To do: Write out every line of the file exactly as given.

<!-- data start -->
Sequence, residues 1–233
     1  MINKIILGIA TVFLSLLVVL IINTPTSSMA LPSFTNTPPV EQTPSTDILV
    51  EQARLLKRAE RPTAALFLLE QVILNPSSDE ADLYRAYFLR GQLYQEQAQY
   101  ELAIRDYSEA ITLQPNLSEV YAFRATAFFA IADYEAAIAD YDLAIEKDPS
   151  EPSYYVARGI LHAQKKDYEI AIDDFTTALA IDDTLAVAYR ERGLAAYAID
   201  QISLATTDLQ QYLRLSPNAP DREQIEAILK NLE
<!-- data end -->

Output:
Sequence, residues 1–233
     1  MINKIILGIA TVFLSLLVVL IINTPTSSMA LPSFTNTPPV EQTPSTDILV
    51  EQARLLKRAE RPTAALFLLE QVILNPSSDE ADLYRAYFLR GQLYQEQAQY
   101  ELAIRDYSEA ITLQPNLSEV YAFRATAFFA IADYEAAIAD YDLAIEKDPS
   151  EPSYYVARGI LHAQKKDYEI AIDDFTTALA IDDTLAVAYR ERGLAAYAID
   201  QISLATTDLQ QYLRLSPNAP DREQIEAILK NLE